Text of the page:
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The use of volunteer interpreters during the 2010 Haiti earthquake: Lessons learned from the USNS COMFORT Operation Unified Response Haiti

Clydette Powell, MD, MPH, FAAP, Claire Pagliara-Miller, RN, PhD

Abstract


On January 12, 2010, a 7.0 magnitude Richter earthquake devastated Haiti, leading to the world’s largest humanitarian effort in 60 years. The catastrophe led to massive destruction of homes and buildings, the loss of more than 200,000 lives, and overwhelmed the host nation response and its public health infrastructure. Among the many responders, the United States Government acted immediately by sending assistance to Haiti including a naval hospital ship as a tertiary care medical center, the USNS COMFORT. To adequately respond to the acute needs of patients, healthcare professionals on the USNS COMFORT relied on Haitian Creole-speaking volunteers who were recruited by the American Red Cross (ARC). These volunteers complemented full-time Creole-speaking military staff on board. The ARC provided 78 volunteers who were each able to serve up to 4 weeks on board. Volunteers’ demographics, such as age and gender, as well as linguistic skills, work background, and prior humanitarian assistance experience varied. Volunteer efforts were critical in assisting with informed consent for surgery, family reunification processes, explanation of diagnosis and treatment, comfort to patients and families in various stages of grieving and death, and helping healthcare professionals to understand the cultural context and sensitivities unique to Haiti. This article explores key lessons learned in the use of volunteer interpreters in earthquake disaster relief in Haiti and highlights the approaches that optimize volunteer services in such a setting, and which may be applicable in similar future events.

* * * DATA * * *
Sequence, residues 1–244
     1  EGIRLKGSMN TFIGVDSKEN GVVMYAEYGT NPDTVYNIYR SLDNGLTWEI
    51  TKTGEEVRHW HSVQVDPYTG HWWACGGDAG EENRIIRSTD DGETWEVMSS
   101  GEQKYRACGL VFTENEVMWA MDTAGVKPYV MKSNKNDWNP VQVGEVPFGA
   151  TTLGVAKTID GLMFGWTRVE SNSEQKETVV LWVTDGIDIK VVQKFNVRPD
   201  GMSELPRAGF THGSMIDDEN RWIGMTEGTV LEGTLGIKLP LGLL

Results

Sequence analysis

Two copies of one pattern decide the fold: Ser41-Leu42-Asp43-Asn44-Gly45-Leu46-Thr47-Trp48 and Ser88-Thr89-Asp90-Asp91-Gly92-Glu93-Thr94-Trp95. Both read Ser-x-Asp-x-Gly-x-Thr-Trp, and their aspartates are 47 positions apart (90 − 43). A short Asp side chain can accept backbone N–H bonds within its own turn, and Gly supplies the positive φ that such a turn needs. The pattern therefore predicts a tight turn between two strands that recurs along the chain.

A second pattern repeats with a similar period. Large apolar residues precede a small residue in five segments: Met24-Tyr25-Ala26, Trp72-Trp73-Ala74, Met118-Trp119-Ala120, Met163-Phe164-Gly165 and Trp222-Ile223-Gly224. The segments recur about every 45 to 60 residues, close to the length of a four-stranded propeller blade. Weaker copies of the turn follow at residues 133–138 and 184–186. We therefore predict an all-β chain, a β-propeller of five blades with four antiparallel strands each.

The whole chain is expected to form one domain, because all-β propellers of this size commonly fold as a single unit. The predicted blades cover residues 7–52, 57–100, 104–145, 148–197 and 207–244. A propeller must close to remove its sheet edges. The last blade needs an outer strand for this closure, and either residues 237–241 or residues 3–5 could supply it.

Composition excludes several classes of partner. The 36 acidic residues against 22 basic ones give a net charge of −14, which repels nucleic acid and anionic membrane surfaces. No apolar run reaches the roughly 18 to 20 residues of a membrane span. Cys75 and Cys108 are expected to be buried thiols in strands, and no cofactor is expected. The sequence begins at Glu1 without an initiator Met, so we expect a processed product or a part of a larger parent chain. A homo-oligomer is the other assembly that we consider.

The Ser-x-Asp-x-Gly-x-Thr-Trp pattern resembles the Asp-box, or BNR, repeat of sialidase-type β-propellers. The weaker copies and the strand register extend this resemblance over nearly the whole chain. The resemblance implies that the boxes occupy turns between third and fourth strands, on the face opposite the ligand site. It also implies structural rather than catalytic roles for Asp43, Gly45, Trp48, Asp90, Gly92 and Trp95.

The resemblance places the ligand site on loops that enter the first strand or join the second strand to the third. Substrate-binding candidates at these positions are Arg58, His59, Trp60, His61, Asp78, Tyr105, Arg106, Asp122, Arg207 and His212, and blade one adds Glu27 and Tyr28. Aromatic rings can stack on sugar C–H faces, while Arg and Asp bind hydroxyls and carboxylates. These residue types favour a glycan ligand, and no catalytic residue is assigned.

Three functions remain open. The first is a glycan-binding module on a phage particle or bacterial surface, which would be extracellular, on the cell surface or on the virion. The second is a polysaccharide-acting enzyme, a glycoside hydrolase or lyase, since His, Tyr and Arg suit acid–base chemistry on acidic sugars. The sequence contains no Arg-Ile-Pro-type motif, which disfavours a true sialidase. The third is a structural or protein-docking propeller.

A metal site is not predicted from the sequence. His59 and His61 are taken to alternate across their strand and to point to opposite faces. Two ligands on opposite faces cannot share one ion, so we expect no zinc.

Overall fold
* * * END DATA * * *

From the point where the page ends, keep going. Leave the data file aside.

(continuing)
Keywords


Haiti, earthquake, COMFORT, interpreter, volunteer

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References


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DOI: https://doi.org/10.5055/ajdm.2012.0079

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